Poly(amidoamine) dendrimers (PAMAM) are well-defined, highly branched, nanoscale macromolecules with numerous active amine groups on the surface. PAMAM dendrimer can enhance the solubility of hydrophobic drugs, and with numerous reactive groups on the surface PAMAM dendrimer can be engineered with various functional groups for specific targeting ability. However, in physiological conditions, these amine groups are toxic to cells and limit the application of PAMAM. In the recent years, polyethylene glycol (PEG) conjugation has been the most widely used approach to reduce the toxicity of the active group on dendrimer surface. PEG molecules are known to be inert, non-immunogenic, and non-antigenic with a significant water solubility. PEGylated PAMAM-mediated delivery could not only overcome the limitations of dendrimer such as drug leakage, immunogenicity, hemolytic toxicity, systemic cytotoxicity but they also have the ability to enhance the solubilization of hydrophobic drugs and facilitates the potential for DNA transfection, siRNA delivery and tumor targeting. This review focuses on the recent developments on the application and influence of PEGylation on various biopharmaceutical properties of PAMAM dendrimers.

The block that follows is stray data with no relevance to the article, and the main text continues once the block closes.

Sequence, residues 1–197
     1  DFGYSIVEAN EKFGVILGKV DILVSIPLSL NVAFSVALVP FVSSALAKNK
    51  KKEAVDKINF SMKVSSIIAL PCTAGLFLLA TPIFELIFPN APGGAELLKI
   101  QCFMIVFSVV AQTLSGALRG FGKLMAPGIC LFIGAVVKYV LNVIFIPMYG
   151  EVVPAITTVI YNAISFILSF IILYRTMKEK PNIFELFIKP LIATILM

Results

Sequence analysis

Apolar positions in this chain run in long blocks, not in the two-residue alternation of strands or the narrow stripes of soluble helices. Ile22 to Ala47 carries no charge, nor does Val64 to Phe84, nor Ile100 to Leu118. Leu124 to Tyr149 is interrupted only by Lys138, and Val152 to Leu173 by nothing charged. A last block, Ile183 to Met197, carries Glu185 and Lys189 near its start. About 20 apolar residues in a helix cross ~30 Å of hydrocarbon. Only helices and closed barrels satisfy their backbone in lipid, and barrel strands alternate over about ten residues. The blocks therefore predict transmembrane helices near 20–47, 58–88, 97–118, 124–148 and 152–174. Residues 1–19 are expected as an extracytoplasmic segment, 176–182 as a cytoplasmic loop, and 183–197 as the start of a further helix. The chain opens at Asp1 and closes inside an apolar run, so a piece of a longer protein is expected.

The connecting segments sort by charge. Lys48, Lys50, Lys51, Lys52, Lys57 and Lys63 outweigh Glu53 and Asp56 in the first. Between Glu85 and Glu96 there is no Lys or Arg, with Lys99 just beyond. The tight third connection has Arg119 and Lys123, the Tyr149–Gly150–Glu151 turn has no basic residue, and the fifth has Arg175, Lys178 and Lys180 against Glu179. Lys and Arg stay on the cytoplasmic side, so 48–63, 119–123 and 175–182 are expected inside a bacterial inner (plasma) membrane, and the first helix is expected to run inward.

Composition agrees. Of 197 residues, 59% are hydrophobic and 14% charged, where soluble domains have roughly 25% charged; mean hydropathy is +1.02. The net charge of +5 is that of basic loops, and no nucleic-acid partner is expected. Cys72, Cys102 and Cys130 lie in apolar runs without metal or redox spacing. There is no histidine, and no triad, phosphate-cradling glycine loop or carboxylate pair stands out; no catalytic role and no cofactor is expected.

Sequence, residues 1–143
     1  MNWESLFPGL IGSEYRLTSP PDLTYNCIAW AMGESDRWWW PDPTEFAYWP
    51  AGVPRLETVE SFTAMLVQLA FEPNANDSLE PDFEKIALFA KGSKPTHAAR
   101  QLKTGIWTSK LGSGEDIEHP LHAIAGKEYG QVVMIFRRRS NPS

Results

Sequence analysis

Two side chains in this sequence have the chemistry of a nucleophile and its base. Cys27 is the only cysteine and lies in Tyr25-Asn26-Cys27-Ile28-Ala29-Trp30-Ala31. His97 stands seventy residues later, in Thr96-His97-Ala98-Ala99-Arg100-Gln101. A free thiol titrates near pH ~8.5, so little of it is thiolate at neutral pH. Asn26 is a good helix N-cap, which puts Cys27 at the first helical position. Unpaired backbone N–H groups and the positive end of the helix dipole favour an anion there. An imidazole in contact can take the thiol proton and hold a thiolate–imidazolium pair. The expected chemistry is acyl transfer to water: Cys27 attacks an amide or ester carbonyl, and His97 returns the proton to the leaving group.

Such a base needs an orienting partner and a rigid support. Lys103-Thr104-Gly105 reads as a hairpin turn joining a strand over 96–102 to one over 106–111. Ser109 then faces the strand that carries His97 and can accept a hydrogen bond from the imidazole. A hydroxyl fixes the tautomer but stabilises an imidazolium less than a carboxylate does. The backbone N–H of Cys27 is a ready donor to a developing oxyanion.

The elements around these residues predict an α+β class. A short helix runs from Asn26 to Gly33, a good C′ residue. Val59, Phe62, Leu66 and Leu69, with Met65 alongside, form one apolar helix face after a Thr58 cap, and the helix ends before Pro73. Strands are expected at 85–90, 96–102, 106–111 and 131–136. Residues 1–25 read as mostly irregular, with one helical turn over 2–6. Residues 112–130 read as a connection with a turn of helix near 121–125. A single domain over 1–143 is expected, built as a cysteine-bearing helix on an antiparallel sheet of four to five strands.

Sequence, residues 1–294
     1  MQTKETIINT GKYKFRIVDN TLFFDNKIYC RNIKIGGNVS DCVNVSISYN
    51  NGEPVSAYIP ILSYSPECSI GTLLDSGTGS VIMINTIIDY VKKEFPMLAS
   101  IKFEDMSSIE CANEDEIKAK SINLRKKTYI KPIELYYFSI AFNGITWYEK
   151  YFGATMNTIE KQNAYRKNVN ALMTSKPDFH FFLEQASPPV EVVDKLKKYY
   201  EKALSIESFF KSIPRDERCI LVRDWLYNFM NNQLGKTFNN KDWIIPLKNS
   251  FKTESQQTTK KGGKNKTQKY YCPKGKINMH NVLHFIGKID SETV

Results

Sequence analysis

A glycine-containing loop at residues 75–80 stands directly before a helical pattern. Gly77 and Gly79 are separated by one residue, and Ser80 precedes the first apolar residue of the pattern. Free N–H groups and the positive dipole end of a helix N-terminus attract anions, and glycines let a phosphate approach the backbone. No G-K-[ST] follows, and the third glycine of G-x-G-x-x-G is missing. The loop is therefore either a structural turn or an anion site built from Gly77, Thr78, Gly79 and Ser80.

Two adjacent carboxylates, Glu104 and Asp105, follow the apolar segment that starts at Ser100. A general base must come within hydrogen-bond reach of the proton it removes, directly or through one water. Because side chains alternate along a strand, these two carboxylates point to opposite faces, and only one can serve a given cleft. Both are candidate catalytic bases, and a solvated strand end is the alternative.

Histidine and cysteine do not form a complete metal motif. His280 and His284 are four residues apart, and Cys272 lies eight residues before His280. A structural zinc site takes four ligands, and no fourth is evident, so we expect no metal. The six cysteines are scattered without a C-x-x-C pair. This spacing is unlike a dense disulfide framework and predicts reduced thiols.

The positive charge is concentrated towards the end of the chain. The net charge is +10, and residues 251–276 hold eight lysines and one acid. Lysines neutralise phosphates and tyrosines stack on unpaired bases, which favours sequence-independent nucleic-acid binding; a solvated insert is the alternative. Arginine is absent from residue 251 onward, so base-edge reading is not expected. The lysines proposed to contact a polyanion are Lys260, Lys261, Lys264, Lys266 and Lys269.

STATEMENT OF SIGNIFICANCE: It is well established that dendrimers have demonstrated promising potentials for drug delivery. However, the inherent toxicity poses challenges for its clinical translation. In this regard, PEGylation has helped mitigate some of the toxicity concerns of dendrimers and have paved the way forward for testing its translational potentials. The review is a collection of articles demonstrating the utility of PEGylation of the most studied PAMAM dendrimers. To our knowledge, this is a first such attempt to draw reader's attention, specifically, towards PEGylated PAMAM dendrimers.